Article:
The believing brain

Posted on February 5, 2012

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In a new book, The Believing Brain, Micheal Shermer says:

“We form our beliefs for a variety of subjective, personal, emotional, and psychological reasons in the context of environments created by family, friends, colleagues, culture, and society at large; after forming our beliefs we then defend, justify, and rationalize them with a host of intellectual reasons, cogent arguments, and rational explanations. Beliefs come first, explanations for beliefs follow.”

The blurb introducing the book says:

‘Dr. Shermer also provides the neuroscience behind our beliefs. The brain is a belief engine. From sensory data flowing in through the senses the brain naturally begins to look for and find patterns, and then infuses those patterns with meaning. The first process Dr. Shermer calls patternicity: the tendency to find meaningful patterns in both meaningful and meaningless data. The second process he calls agenticity: the tendency to infuse patterns with meaning, intention, and agency.

We can’t help believing. Our brains evolved to connect the dots of our world into meaningful patterns that explain why things happen. These meaningful patterns become beliefs. Once beliefs are formed the brain begins to look for and find confirmatory evidence in support of those beliefs, which adds an emotional boost of further confidence in the beliefs and thereby accelerates the process of reinforcing them, and round and round the process goes in a positive feedback loop of belief confirmation. Dr. Shermer outlines the numerous cognitive tools our brains engage to reinforce our beliefs as truths and to insure that we are always right.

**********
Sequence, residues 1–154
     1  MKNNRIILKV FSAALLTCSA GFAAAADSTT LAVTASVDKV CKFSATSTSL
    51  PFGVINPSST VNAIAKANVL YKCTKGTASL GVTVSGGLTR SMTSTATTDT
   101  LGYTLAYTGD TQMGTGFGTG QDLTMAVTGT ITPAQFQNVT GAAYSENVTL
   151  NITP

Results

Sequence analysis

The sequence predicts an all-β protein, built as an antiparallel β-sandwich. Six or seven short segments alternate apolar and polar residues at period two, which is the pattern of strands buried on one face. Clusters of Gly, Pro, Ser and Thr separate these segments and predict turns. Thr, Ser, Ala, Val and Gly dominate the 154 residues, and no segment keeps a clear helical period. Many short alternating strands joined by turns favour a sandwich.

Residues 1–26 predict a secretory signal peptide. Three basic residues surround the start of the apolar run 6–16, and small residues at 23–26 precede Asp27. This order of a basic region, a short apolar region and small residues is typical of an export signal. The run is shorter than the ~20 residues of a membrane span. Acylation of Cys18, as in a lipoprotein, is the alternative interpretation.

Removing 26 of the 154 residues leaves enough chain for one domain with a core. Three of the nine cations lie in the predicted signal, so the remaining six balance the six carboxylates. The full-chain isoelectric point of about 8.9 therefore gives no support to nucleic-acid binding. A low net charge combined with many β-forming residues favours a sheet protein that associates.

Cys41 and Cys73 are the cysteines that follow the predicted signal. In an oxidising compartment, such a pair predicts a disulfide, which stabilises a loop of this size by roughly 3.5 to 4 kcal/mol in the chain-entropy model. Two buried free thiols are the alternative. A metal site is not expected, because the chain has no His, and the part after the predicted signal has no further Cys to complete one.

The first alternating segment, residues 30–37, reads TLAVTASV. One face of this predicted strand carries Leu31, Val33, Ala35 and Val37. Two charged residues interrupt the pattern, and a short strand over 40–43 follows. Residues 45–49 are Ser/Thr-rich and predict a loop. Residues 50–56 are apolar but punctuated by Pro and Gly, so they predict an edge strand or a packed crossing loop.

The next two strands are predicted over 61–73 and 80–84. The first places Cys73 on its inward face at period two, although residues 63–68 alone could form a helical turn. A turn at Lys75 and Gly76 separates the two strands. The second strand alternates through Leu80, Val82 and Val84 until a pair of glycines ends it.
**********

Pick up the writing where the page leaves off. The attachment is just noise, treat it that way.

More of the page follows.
Interlaced with his theory of belief, Dr. Shermer provides countless real-world examples of belief from all realms of life, and in the end he demonstrates why science is the best tool ever devised to determine whether or not a belief matches reality.’

‘Once beliefs are formed the brain begins to look for and find confirmatory evidence’

Ah ha…  so Shermer joins my collection of other authors who share the same belief, including: Herb Simon and his concept of ‘bounded rationality” and his mantra of no conclusions without assumptions or biases, Stephen Hawking and his mantra of ‘model dependant realism’, Dan Kahneman and his mantra re cherry picking from readily available evidence, etc.

The blurb says that Shermer  ‘demonstrates why science is the best tool ever devised to determine whether or not a belief matches reality.’

We agree to a degree. Not that individual scientists are open-minded – they’re not. But as an institution science, like the courts, provides for discipline criticism of competing beliefs. And unlike the courts science provides for endless exploration and criticism of the pet patterns we construct or discover. The patterns that survive and gain ascendency during the competitive  critical winnowing of competing schools of thought, or theories, define the ‘reality’ of the time.

But as new trusted patterns evolve former ‘realities’ undergo modification, some rejected, others taking up less space in the scientific landscape.

Different realities are fashionable at different times.

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Posted in: Sciencing